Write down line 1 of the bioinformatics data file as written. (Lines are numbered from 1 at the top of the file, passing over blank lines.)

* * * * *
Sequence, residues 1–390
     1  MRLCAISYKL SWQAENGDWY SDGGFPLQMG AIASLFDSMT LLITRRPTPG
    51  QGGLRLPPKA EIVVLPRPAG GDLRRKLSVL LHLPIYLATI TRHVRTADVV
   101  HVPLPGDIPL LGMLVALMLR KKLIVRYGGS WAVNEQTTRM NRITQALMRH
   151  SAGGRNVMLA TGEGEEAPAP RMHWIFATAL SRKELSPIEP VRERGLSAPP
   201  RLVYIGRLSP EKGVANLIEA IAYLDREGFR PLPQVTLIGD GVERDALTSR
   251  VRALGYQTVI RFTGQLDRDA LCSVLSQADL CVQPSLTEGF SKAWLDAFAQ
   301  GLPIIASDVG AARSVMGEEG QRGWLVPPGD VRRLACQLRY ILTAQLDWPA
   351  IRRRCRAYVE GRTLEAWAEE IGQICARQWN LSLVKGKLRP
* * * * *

Sequence, residues 1–390